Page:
Crow is being developed by researchers at Purdue University, the University of Arizona, and Michigan State University.


Shelley Staples is Associate Professor of English Applied Linguistics and Second Language Acquisition and Teaching at University of Arizona. Her research focuses on corpus analyses of speech and writing, particularly for applications to student writing. Her work has recently been published in journals such as Journal of English for Academic Purposes, Written Communication, TESOL Quarterly, and Applied Linguistics.

Bradley Dilger (@cbdilger) is Associate Professor of English at Purdue University, where he directs the first-year writing program, Introductory Composition at Purdue. His research on writing programs, networks, and transfer has been published in Computers & Composition, CCC, Writing Program Administration, and multipleedited collections. With Jeff Rice, he edited From A to <A>: Keywords of Markup, winner of the 2011 Computers & Composition book award. Bradley is a year-round bike commuter, husband of Erin, and dad to Madelyn and Amelia.

Bill Hart-Davidson (@billhd) is Professor of Rhetoric and Writing at Michigan State University and Associate Dean of Research & Graduate Education in the College of Arts & Letters. He is a Senior Researcher in the Writing, Information, and Digital Experience (WIDE) Research Center. Bill’s research interests lie at the intersection of technical communication and user experience. Bill is a co-founder of Drawbridge Inc., a learning technology company spinoff of Michigan State University, and developer of the software service Eli Review, a peer learning platform in use around the world and across the U.S. in both higher education and K-12 schools.


Mark Fullmer is a Principal Software Developer/Analyst at the University of Texas at Austin. He has previously taught composition & creative writing at the university and community college levels, as well as internationally as a Peace Corps volunteer in the Philippines.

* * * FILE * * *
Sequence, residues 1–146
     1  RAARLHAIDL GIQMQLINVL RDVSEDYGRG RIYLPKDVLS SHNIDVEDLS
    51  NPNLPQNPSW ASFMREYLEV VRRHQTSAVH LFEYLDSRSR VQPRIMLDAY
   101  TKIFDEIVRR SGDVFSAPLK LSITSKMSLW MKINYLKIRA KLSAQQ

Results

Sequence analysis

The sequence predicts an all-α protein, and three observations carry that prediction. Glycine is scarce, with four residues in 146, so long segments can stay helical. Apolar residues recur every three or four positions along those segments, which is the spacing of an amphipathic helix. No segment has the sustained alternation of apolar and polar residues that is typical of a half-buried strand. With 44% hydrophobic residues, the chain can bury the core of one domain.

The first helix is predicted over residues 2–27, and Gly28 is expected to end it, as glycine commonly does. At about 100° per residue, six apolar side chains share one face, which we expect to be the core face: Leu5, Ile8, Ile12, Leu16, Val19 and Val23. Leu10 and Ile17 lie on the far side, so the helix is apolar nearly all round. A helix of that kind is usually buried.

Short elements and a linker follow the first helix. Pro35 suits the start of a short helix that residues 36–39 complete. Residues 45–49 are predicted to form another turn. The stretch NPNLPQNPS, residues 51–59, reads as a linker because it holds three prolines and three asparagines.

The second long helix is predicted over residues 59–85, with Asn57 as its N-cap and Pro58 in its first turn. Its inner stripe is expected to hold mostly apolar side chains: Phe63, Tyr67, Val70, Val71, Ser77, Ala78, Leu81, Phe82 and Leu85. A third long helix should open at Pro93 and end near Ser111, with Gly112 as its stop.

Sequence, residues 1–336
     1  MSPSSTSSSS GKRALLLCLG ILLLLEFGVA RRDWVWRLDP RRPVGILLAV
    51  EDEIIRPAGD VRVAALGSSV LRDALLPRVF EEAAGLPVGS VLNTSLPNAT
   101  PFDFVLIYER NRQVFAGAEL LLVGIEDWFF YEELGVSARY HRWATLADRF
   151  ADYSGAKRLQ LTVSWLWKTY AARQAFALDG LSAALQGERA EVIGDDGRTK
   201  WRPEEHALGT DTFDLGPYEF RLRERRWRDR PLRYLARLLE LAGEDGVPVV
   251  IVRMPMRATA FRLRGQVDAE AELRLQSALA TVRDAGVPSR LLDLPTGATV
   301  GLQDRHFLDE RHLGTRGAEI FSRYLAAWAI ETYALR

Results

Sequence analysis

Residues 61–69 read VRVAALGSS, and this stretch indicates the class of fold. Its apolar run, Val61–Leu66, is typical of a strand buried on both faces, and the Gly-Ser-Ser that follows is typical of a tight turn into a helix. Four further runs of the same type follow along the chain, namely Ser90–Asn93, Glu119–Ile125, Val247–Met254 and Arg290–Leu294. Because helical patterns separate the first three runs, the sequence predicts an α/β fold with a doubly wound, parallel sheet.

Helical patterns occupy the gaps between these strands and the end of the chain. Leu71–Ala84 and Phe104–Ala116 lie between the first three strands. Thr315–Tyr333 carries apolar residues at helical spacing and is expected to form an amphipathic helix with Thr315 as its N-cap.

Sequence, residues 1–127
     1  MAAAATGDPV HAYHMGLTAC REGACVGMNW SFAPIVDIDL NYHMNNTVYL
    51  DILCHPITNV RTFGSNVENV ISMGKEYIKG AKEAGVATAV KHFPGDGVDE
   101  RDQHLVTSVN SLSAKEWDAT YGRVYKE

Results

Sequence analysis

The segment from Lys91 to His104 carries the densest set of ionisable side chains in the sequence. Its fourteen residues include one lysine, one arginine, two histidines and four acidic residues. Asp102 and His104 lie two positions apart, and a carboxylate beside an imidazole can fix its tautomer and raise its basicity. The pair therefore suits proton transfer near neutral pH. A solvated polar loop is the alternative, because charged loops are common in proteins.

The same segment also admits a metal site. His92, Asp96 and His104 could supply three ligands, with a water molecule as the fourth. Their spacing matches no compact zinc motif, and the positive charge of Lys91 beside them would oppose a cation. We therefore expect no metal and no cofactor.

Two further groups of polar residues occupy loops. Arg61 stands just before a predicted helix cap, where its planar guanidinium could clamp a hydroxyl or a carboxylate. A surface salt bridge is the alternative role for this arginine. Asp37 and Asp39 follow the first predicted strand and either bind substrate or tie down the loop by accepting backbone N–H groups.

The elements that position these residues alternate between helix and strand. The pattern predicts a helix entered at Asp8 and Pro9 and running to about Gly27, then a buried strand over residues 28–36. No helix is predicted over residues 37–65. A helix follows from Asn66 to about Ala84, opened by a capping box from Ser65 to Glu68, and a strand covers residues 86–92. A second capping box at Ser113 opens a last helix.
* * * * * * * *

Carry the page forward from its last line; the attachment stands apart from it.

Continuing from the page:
Hadi Banat is a Ph.D. candidate in the English Department, Second Language Studies/TESL program at Purdue University. He teaches First Year Writing and Professional Communication. His research interests are in writing assessment, cross-cultural composition, internationalization of writing curricula and programs, World Englishes, L2 writing, and WAC/WID. In Crow, he works in infrastructure development, grant funding, conference planning, and writing research.

Wendy Jie Gao is a Ph.D. student in Second Language Studies at Purdue University. She is now a Testing Office Assistant at the Oral English Proficiency Program. Her research interest includes language testing and assessment, and she hopes to know more about how corpora could help with research in second language writing. Besides happily working for her degree, Wendy loves to play the violin and spend time in a pool.

Hannah Gill is an undergraduate student at the University of Arizona studying PPEL (Philosophy, Politics, Economics, and Law) and English. This is her first semester on the Crow team and is excited to begin working and learning as much as she can. She hopes to teach English once she graduates. In her spare time, she loves to compete in triathlons and read as much as possible.

Emily Jones is an undergraduate student at Purdue University studying Professional Writing, with a minor in Creative Writing and History. She works as an editorial assistant for an engineering journal at Purdue Press, tutors in Purdue’s Writing Lab, and was an intern for the internationally acclaimed literary magazine Sycamore Review. As part of her work with Crow, she drafts blogs and social media posts, designs fliers and logos, and helps with information architecture and organization.

Ge Lan is a doctoral candidate in the program of second language studies/ESL at Purdue University. His research interests include corpus linguistics, natural language processing, and second language writing. Because of his passion for programming, he is responsible for back-end processing for Purdue data in Crow.